Since October last year, the Hawkular APM project has been actively working on supporting, and contributing to,
the OpenTracing standard.
also been active in the OpenTracing community, developing Java framework integrations and more recently a
Java Agent that can be used to automatically install those framework integrations without any changes to the
However we realised that the core model used in Hawkular APM (fragments of call traces)
was not particularly well aligned with the model used in OpenTracing (span based). This made it more complicated to
implement client providers, as they need to build the call trace fragments from multiple spans, and it means
the information stored in the server wasn’t in the same form expected by users of the OpenTracing API.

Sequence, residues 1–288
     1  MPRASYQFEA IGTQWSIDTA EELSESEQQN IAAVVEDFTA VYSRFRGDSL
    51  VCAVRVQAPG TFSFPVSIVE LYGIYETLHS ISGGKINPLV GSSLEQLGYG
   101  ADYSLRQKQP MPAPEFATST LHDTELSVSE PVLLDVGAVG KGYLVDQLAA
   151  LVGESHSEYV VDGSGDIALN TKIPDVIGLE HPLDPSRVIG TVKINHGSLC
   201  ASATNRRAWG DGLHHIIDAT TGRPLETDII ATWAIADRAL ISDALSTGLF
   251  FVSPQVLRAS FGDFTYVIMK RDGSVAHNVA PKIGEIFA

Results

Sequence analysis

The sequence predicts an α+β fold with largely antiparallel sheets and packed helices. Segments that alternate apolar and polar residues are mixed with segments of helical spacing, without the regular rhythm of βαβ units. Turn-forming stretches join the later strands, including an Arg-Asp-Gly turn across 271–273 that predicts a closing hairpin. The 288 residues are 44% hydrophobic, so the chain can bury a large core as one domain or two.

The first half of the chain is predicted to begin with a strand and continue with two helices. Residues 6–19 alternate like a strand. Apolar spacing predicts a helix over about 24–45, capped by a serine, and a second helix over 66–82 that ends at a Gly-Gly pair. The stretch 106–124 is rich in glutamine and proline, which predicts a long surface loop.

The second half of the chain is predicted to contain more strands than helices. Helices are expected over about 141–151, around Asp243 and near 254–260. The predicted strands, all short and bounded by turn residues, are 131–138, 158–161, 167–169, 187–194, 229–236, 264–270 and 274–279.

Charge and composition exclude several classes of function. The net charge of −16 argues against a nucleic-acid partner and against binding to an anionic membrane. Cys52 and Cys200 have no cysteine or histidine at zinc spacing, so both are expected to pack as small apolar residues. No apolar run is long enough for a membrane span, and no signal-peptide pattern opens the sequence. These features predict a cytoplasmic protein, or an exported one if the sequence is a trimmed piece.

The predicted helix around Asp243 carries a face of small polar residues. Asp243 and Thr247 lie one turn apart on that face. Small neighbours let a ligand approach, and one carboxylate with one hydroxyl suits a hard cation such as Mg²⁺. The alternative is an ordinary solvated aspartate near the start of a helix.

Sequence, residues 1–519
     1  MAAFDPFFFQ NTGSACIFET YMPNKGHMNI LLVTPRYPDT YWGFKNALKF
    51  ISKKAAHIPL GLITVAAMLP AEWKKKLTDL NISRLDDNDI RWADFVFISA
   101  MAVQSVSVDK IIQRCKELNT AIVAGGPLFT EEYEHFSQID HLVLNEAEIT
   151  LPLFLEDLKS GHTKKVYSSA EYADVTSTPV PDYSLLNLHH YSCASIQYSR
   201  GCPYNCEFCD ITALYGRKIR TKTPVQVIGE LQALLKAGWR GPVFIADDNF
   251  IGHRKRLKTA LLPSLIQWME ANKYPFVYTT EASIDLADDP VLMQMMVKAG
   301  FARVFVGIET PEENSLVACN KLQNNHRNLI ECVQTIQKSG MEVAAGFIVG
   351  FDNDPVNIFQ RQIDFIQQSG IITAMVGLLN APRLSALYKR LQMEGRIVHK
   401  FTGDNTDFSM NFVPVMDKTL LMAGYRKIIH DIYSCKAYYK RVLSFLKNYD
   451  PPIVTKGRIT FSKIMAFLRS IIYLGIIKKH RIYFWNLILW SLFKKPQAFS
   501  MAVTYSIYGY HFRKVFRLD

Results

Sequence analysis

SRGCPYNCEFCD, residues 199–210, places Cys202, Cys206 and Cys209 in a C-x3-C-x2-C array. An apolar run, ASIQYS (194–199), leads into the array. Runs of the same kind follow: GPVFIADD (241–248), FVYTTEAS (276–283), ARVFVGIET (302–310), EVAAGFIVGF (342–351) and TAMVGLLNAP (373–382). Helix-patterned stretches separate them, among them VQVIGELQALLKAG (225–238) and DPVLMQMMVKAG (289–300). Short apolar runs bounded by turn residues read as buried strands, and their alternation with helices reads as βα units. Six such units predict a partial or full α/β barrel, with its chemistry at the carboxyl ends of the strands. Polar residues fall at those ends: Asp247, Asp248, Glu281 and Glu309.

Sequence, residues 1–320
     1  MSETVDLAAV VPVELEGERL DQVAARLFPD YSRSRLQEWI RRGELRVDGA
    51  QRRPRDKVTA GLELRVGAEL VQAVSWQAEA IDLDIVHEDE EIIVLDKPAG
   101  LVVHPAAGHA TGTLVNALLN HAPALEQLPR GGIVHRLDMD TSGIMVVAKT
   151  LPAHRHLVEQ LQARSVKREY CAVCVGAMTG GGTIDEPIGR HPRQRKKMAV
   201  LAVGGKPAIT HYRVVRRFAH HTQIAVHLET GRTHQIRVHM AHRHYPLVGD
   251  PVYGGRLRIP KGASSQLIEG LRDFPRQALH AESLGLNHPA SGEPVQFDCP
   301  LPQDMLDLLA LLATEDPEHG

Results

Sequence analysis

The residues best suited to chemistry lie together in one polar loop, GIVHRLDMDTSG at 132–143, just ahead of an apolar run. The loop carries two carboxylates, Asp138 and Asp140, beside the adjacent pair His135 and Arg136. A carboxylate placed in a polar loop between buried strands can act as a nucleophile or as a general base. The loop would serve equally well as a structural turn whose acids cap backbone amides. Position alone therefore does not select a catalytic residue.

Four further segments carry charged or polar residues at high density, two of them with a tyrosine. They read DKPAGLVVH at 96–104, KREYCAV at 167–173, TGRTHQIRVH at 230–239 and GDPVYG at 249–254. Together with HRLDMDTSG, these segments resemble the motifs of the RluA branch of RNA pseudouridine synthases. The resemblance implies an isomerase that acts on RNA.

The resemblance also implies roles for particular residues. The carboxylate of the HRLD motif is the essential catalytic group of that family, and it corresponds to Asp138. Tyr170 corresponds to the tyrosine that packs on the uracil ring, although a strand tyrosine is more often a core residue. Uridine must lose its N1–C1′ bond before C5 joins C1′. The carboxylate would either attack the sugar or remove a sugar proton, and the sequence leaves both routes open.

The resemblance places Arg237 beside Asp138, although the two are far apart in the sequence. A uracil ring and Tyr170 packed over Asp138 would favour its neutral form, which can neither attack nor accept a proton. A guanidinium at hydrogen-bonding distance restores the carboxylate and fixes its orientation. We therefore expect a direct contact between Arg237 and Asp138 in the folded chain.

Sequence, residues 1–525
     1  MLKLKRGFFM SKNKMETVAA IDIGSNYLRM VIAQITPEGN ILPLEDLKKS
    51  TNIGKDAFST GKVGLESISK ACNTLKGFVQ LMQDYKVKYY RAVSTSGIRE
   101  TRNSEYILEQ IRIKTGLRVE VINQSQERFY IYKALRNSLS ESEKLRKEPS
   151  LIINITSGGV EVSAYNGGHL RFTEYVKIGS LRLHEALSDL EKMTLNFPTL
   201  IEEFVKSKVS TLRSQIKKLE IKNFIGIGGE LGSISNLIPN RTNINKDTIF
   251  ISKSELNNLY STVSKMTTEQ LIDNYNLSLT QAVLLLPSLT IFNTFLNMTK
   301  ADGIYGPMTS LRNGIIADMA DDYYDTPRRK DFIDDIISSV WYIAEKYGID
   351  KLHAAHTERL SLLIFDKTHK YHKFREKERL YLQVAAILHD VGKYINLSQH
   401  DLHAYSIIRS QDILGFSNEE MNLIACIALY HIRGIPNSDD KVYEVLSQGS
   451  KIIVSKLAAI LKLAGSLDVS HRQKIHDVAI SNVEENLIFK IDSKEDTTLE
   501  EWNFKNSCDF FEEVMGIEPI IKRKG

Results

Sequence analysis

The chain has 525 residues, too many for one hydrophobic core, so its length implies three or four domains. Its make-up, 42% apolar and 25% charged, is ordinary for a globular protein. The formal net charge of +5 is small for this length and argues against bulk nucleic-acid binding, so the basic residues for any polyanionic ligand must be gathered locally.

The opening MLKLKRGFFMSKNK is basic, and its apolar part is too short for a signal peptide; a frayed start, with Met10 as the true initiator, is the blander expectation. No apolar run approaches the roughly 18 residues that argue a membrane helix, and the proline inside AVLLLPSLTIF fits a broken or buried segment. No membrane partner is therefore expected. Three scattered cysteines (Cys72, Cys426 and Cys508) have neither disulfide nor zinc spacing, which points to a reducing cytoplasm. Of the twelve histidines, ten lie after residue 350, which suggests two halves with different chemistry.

Therefore at the beginning of this year we made the decision to change the core model used by Hawkular APM to be
compatible with the model used by the OpenTracing API - and essentially provide an "OpenTracing" native solution.
During the initial design meetings to discuss the proposed changes, we became aware of a
blog post from Uber
regarding the future of their Jaeger project.
Up until that point Jaeger used the Zipkin project to provide its
backend tracing solution.
This new version of Jaeger provides very similar functionality to Zipkin, which is focused on visualising individual
traces. It does not have the aggregated views currently supported in Hawkular APM - however from discussions with the
Jaeger project, they are keen to be able to provide aggregated views.
Therefore we have made the decision that, rather than refactor the Hawkular APM project’s model to be more
OpenTracing compatible, it makes more sense to collaborate on the Jaeger project.
Figure 1: Individual trace captured from the Jaeger HotRod example
The current Hawkular APM codebase will still be available as an OpenTracing solution - however our intention is to focus more effort on the Jaeger project, initially with the aim of making it easy to use within OpenShift, and then adding aggregated views.
Published by Gary Brown on 19 April 2017